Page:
Reforesting appalachian surface mines from seed: A five-year black walnut pilot study

Sarah L. Hall, Christopher D. Barton, Kenton L. Sena, Patrick Angel

Research output: Contribution to journalArticlepeer-review

5 Scopus citations


Research Highlights: We found promising success for black walnut (Juglans nigra L.) planted on a legacy surface mine. Our results indicate that direct seeding can be an effective restoration method, and that shelters may not be needed. Background and Objectives: Reforestation in the Appalachian coalfields has primarily relied on the planting of nursery stock late in the dormant season. This study examined the use of direct seeding during the fall, a practice that, if successful, could both reduce costs of planting and open up a new season for reforestation planting. Black walnut is of particular value for wildlife habitats, timber value, and even human nutrition. In addition, it normally occurs in diverse forests with rich soils of the region. Therefore, establishment on previously surface-mined lands may indicate a positive successional trajectory and resilience. Materials and Methods: This study took place in eastern Kentucky, USA, on a site that was surface mined from 1996 to 2000 and subsequently reclaimed as a wildlife habitat. In 2010, the site was decompacted according to the Forestry Reclamation Approach (FRA) by deep ripping with a bulldozer, and in November 2011, a 2 × 2 factorial experiment was initiated to compare the growth of walnut trees planted either by seed or as one-year seedlings, and either with or without tree shelters. Each treatment (four total: Unsheltered Seedling, Sheltered Seedling, Unsheltered Seed, and Sheltered Seed) had three replicate plots of 17 × 9 m, with 50 seeds or seedlings planted per plot. Measurements (survival, height, diameter, and volume) were made in 2012, 2013, and 2016. Effects of planting type and shelter presence, as well as their interaction, were analyzed using linear mixed models. Results: Planting type was significant for all measurements in the first two years (seedlings > seed), but this difference was largely diminished by 2016. There was a significant interaction of the two main effects, such that shelters benefited (or did not affect) those trees planted as seedlings, but hindered those planted from seed.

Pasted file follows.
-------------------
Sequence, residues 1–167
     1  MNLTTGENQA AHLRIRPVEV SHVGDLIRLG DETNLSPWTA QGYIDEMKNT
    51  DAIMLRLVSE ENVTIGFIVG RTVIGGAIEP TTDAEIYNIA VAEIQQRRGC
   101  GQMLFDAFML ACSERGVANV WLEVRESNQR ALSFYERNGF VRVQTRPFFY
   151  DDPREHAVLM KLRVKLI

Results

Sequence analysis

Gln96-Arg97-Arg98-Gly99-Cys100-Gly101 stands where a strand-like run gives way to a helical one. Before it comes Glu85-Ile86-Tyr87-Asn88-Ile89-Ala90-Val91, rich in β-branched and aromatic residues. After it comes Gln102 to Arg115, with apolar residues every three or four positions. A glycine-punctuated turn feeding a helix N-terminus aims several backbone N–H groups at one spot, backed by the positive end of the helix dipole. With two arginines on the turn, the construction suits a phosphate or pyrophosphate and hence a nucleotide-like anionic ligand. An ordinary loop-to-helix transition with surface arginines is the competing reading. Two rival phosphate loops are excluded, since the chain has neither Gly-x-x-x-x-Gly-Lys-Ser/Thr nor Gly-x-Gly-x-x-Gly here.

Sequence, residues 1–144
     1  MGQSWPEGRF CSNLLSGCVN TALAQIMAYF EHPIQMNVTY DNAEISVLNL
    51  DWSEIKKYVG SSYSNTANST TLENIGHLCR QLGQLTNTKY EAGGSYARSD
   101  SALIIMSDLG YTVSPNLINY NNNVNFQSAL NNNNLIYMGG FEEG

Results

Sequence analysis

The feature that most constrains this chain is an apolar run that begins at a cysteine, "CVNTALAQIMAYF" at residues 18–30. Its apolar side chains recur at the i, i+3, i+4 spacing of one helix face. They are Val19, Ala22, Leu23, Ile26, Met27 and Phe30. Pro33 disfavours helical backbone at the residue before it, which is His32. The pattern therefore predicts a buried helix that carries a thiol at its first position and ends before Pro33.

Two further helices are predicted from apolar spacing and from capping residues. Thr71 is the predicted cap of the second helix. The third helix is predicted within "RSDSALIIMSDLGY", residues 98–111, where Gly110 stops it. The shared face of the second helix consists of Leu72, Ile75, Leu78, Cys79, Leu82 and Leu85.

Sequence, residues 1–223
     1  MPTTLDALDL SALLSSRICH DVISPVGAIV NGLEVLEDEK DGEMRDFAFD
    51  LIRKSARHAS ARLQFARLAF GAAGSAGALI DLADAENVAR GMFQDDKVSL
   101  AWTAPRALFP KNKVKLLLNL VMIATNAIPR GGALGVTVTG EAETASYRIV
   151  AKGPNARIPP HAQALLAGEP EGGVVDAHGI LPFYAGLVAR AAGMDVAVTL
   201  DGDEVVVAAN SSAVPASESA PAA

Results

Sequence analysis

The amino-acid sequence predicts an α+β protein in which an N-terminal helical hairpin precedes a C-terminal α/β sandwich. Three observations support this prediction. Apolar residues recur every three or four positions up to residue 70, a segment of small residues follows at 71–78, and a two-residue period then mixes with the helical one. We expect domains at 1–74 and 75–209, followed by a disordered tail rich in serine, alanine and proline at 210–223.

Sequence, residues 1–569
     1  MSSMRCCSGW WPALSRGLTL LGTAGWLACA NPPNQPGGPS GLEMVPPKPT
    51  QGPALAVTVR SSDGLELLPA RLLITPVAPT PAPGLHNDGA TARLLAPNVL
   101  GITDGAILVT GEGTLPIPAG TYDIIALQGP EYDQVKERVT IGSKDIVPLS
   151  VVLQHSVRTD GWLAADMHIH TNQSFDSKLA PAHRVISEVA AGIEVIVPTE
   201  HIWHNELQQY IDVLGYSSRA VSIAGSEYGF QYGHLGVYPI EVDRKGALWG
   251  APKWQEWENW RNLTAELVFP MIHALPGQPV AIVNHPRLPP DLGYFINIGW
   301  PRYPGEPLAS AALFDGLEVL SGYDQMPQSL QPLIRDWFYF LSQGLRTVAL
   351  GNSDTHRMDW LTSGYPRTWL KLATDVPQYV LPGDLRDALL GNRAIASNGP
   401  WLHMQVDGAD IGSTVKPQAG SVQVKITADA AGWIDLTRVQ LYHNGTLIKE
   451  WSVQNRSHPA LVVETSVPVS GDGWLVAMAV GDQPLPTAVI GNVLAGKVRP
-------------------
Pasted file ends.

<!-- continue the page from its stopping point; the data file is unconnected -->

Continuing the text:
Original languageEnglish
Article number573
Issue number7
StatePublished - Jul 1 2019

Bibliographical note

Publisher Copyright:
© 2019 by the author.


  • Appalachia
  • Direct seed
  • Mine restoration
  • Reclamation
  • Reforestation
  • Tree shelter

ASJC Scopus subject areas

  • Forestry


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